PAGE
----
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Everyday Math Book 3

Stimulating word problems for upper primary students

Everyday Math Book 3 by Jane Bourke
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The idea of problem solving activities often conjures up images of numbers and objects that have no direct meaning for students other than teaching the basic problem solving strategies. The blackline master activities in this book are designed to present real-life problems in a realistic context so as to provide children with situations in which everyday problem solving and comprehension skills are required.

The activities are based around recurring cartoon characters ? named Archimedes, Pythagoras and Gaileo ? who find themselves exposed to a range of problems that need to be solved; the sort of problems that students may one day encounter.

Most sheets include a challenge activity, usually an extension of the main problem, which will further consolidate comprehension skills. Included throughout the book are brainteaser Sheets which focus on a particular problem solving strategy, highlighted at the foot of the Page. These brainteasers can be photocopied and individually glued on to card so as to create a set. Students might like to think up their own brainteasers to add to the set.

Problem Solving Strategies

There are many strategies for solving everyday math problems. Some of the main problem solving strategies have been explained below. In some cases examples of problems are given where the particular strategy can be applied.

Guess and check:
Probably the first strategy children might try and definitely the easiest. By making a guess and checking their answer, children have a point of reference on which to base all other guesses.

An example:
I am thinking of two consecutive numbers that when multiplied give 182. A guess might be to try 14 x 15 which would give 210. Obviously the next guess would try lower numbers.

Act it out:
Students quite often need to visualize the problem, especially where people or objects are concerned. Counters, coins and students can be used to help solve the problem.

Examples:
There are 48 players in the darts championships. Each player stays in the competition until they lose a game. How many games must be played to find the club champion?

A caterpillar crawls 2 m up a tree every day. Every night it slips back 50 cm. The tree trunk is 10.5 m tall. How long will it take for the caterpillar to reach the top of the trunk?

Make a model:
When problems cannot be acted out the next best thing is to make a model using cubes, matches, and so on.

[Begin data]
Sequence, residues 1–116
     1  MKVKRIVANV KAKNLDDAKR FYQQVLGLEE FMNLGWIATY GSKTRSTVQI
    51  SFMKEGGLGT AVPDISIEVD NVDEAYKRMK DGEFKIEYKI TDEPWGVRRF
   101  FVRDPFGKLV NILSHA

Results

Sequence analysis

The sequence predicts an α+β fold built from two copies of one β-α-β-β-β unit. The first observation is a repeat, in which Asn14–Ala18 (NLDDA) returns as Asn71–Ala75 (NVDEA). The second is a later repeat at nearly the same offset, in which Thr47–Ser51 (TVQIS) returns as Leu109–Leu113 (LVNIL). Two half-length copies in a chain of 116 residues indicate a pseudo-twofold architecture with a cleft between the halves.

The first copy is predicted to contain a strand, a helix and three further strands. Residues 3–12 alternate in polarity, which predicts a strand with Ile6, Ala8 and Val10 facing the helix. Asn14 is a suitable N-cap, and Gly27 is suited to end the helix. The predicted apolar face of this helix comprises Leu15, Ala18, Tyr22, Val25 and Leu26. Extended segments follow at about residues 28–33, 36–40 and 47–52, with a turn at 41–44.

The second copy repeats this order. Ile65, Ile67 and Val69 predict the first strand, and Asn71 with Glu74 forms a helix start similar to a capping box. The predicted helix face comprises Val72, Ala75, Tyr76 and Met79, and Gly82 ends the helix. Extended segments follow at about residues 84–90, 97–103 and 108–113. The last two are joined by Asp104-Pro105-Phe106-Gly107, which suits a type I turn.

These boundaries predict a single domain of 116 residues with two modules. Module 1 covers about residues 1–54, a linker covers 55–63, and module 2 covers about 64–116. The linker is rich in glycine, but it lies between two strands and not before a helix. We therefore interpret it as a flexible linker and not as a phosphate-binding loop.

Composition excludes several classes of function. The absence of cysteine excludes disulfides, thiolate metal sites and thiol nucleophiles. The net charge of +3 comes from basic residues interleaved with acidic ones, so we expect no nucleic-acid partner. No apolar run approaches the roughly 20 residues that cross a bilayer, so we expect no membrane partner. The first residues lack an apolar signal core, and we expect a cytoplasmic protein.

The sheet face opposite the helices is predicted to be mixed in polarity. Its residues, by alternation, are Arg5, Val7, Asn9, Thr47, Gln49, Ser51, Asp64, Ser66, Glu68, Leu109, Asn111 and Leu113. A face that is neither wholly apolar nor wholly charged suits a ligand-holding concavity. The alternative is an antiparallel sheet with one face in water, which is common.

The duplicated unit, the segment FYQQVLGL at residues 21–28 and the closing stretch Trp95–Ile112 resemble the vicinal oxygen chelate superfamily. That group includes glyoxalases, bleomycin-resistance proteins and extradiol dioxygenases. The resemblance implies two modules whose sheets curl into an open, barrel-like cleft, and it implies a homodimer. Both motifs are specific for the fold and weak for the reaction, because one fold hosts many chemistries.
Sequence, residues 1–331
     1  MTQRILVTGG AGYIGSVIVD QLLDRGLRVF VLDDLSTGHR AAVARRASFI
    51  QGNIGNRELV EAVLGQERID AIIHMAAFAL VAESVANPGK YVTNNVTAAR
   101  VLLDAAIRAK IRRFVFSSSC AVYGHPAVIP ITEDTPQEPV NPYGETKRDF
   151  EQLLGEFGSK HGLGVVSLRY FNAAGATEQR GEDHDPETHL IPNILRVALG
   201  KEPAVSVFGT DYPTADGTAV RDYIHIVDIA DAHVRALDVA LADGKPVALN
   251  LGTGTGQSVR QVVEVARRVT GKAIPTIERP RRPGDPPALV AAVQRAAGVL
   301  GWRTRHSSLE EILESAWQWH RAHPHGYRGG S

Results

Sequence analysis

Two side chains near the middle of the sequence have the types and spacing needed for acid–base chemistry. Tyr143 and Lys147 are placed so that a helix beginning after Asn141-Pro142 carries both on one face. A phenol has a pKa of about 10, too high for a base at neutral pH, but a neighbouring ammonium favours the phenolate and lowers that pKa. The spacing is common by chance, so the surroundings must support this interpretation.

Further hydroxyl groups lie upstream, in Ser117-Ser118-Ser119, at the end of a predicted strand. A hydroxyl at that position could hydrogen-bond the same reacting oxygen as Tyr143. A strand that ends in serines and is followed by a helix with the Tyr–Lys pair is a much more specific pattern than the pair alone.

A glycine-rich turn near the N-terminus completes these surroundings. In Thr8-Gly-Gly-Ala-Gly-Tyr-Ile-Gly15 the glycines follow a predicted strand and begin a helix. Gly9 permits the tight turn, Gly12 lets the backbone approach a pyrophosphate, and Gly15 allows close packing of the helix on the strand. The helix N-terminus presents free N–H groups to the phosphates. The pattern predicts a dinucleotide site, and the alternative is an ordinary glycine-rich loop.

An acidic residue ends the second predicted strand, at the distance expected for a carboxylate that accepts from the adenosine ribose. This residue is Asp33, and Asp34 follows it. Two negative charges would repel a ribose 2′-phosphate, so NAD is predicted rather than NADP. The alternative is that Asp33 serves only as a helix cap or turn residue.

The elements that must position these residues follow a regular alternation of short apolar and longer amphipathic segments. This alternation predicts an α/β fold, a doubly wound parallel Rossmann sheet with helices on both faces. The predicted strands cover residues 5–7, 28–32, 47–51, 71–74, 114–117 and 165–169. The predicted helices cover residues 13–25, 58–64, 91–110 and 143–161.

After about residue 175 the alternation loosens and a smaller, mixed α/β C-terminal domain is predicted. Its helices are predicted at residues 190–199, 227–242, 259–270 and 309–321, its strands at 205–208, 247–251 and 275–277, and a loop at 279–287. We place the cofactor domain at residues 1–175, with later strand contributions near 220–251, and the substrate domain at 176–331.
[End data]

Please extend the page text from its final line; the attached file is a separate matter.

Make a drawing, diagram or graph:
Graphs and diagrams are particularly useful for trying different combinations or clarifying information.

An example:
Jack has a rectangular field that has an area of 360 m. What are the possible dimensions of the rectangle?

Look for a pattern:
This strategy can be used in many number and space activities to help simplify the problem.

Number patterns: It takes three matches to make a triangle, 5 matches to make 2 triangles. How many matches are needed to make 3 triangles?

Spatial Patterns: How many squares are there on a checker board?

Construct a table:
By organizing data in a more meaningful way children can better see relationships, patterns and possibly missing information. This strategy is best used where different information is given about each person or object in the problem. A table can include all the information and eliminate irrelevant information.

An example:
Tim, Peter, Max, Jane, Tarnie and Kelly each play sport over the weekend. They all play a different sport. Match the person to their sport based on the following:
Tim doesn?t like swimming but enjoys baseball;
Peter likes tennis more than swimming;
Kelly enjoys netball;
Max won?t play hockey;
Jane doesn?t like baseball or diving;
Tarnie plays the sport that Max doesn?t like.

Ready-Ed Publications; January 2001
40 pages; ISBN 9781863971690
Read online, or download in secure PDF format
Title: Everyday Math Book 3
Author: Jane Bourke; Rod Jefferson
 
Excerpt

Life in the Wheel World

Pythagoras has been cycling around the lake. His bike is fairly old and one brake pad has worn away on the front wheel. A certain part of the wheel always touches the brake pad making a short grinding noise. It only does this once every revolution.

Pythagoras has been meaning to buy an odometer for his bike so he can measure the distance around the lake. However he has decided to use his brain instead. He knows that he has 48 cm diameter tires on his bike and thinks he can work out the circumference. He has placed the wheel so that it will grind immediately and is going to count the noises he hears.

Pythagoras counted 250 grinding noises when he rode once around the lake.

1. Approximately how far in meters is the distance around the lake?

How many grinding noises should Pythagoras expect to hear if he rides:

2. Three times around the lake?

3. Five times around the lake?

4. Exactly half way around the lake?

5. If he rides for exactly four and a half kilometers?

6. If he rides at twice the speed around the lake once?